No other driver to date has been as quick to seize the World Championship title as Jacques Villeneuve. In 1996, his debut year, the Canadian made it into the runner-up slot in the World Championship behind his Williams-Renault team-mate of the time, Damon Hill. The following year, 1997, he beat Michael Schumacher to the title for Williams-Renault. In a total of 152 grand prix races, he has claimed eleven wins and 13 poles. After five years with the BAR team, Villeneuve's F1 career appeared to be over in 2003. But then he was given the chance to contest the last three races of the 2004 season for Renault. For season 2005, the son of the famous Ferrari driver Gilles Villeneuve was signed up by Sauber.
"Setting up a new team is a very complex task," says Villeneuve looking ahead to the 2006 race season. "I've been through it before. But I believe that the prerequisites that have come together here are good. I want to do my best to help the BMW Sauber F1 Team achieve success."
Youngster on board.
With Robert Kubica from Krakow, BMW has taken on a highly promising young driving talent as a test and replacement driver. The Pole will also be driving the third BMW Sauber F1.06 deployed during the Friday free practice sessions. Kubica drew attention to himself with a commanding title win in the 2005 World Series by Renault formula class. Theissen: "He has worked hard to achieve his successes without major backing, and that is worthy of respect." Kubica also reaped plaudits in 2003 when he debuted in the Formula 3 Euro Series and won his very first race in this class, held at the Norisring in Nuremberg.
Revolution, not evolution was the watchword when it came to the Formula One engines for the new season. The 3-litre V10 units of the past are being replaced by 2.4-litre V8 engines. This switch calls for totally new concepts. The new V8 engines are heavier, shorter and, due to a 600 cc reduction in capacity, have lower output and fuel consumption. "Lap times," estimates Theissen, "will go up by around two to three seconds, though spectators will hardly be aware of it. The drivers, on the other hand, need to adapt their driving style. To put it simply, they will have to attack corners less sharply to get the most out of the power available."
The different firing sequences and intervals compared to the V10 have led to a completely new situation in terms of vibrations. With a speed range that exceeded 19,000 rpm, the V10 hit a critical zone between 12,000 and 14,000 rpm. However, the engine spent very little time in this problematic band and smoothed itself out again as the revs were stepped up. But it is precisely here that the V8 encounters problems. Its vibration curve enters challenging territory later than the V10, starting at around 16,000 rpm and becoming more critical from there, which can impact on the stability of vehicle components. And, like its predecessor with two extra cylinders, the BMW P86 V8 engine also has to last for two grand prix weekends.
The BMW Sauber F1.06 is an all-new concept. The shorter and more fuel-efficient V8 powerplants exert a decisive influence on the architecture of the car. Due to the minimum dimensions for the design of the chassis as decreed by the FIA, the overall dimensions of the car remain almost unchanged. "For the designers this means more scope in the design of the car thanks to the more compact engine," explains Willy Rampf, Technical Director Chassis at the BMW Sauber F1 Team. The lower tank capacity of the BMW Sauber F1.06 impacted on both the design of the monocoque and the position of the engine. The shorter powerplant, moreover, allowed the engineers to extend the titanium casing of the 7-speed transmission, which favoured the construction of a decidedly slimline rear end.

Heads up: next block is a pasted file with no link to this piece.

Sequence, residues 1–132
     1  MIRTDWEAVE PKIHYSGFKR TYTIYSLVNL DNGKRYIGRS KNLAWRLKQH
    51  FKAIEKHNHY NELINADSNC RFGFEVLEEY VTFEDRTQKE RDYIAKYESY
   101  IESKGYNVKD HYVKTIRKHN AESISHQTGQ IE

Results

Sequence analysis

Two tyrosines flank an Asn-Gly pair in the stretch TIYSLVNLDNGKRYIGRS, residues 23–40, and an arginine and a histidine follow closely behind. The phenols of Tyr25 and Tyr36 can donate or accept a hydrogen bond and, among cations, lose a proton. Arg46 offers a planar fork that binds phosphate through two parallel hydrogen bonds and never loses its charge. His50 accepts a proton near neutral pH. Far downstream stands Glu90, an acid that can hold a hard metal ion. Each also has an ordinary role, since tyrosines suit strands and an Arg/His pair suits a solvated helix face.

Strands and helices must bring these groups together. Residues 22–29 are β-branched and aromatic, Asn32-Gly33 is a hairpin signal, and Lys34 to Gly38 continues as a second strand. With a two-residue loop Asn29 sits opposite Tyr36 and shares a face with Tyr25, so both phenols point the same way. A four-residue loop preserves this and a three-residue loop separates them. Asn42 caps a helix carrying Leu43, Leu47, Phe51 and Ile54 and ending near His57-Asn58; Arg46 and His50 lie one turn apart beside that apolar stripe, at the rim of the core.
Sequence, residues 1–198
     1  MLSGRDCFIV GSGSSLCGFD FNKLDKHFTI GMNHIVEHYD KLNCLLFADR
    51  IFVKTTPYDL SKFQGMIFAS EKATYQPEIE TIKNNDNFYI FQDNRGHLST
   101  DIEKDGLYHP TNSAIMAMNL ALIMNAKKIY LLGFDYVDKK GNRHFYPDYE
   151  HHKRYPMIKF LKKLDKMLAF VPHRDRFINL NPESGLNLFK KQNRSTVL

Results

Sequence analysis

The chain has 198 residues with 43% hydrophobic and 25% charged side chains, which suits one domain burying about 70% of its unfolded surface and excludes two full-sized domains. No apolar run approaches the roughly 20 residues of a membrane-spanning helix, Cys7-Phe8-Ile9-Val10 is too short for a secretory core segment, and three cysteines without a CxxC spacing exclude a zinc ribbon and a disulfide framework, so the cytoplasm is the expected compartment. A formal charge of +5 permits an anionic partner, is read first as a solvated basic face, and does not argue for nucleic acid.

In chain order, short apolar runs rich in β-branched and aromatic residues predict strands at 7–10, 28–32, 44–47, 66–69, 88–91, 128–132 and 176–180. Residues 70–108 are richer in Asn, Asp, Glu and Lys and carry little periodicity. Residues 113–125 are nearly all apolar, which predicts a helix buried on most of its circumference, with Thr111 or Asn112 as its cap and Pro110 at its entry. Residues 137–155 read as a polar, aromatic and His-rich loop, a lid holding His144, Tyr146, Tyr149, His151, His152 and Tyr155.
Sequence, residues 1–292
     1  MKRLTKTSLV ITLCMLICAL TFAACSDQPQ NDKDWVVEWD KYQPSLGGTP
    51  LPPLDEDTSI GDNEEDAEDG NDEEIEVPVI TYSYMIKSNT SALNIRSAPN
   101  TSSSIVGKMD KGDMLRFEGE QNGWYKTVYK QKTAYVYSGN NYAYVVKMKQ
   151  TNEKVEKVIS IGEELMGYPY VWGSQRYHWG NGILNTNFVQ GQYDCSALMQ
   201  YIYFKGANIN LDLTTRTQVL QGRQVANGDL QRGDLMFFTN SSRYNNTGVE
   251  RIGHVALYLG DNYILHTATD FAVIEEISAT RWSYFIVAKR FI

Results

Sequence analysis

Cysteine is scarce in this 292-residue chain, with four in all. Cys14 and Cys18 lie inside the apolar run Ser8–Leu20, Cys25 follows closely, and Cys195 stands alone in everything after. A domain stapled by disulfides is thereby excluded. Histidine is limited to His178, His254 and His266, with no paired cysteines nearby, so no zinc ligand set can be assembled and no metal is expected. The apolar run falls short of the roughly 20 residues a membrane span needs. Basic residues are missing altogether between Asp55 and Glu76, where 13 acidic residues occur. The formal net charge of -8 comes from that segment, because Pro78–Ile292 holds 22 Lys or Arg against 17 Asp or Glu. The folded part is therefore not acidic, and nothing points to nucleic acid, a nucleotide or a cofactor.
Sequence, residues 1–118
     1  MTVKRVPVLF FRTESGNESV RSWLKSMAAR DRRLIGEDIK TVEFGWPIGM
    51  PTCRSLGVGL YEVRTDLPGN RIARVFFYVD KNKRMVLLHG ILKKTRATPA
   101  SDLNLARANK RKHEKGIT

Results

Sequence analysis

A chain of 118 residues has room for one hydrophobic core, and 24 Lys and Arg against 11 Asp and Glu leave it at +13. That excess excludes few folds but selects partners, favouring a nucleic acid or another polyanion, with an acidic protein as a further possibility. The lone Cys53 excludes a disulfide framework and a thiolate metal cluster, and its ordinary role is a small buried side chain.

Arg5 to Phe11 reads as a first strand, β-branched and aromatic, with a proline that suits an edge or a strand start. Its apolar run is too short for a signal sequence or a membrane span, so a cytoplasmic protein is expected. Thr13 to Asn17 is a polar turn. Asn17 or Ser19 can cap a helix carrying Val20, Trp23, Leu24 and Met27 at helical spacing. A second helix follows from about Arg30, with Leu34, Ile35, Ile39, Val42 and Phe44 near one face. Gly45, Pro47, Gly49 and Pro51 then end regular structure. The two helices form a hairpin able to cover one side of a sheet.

The engineers turned their focus primarily on aerodynamics, where it was not only a question of optimum downforce but enhanced efficiency as well. The construction, arrangement and design of all sub-assemblies and components followed this premise.
The front section of the new car came in for some striking treatment. The chassis has been significantly lowered at the front, which means the lower wishbones are no longer attached below the monocoque but directly to the side of the chassis. The nose of the car has also been lowered further to the ground and features an underside that curves slightly upwards. The front wing has been adjusted to the other changes through numerous optimisation measures. The aim of all these measures has been to improve the air flow to the underbody and the sidepods.
The reduced cooling requirement of the V8 engine allows not only for more compact radiators but for smaller apertures in the sidepods as well, which also benefits the car's aerodynamics. The same goes for the rollover bar with its integral air intake, which has been reduced in size as a result of the engine's lower air throughput. Complex finite-element calculations, furthermore, have enabled a significant reduction in the weight of the rollover bar while at the same time complying with stringent safety requirements.
A completely new feature on the BMW Sauber F1.06 is the design of the front and rear suspension. On the front axle, the layout is significantly determined by the higher attachement points of the lower wishbones, as dictated by efficient aerodynamics. The rear axle is similarly a new construction. At the heart of the deliberations here, however, were modified kinematics to match the demands of the Michelin tyres. Lowering the front section, moreover, has made for a corresponding drop in the position of the pedals and the inboard front-axle components, along with a lower position for the driver's legs. All these factors help to bring down the car's centre of gravity.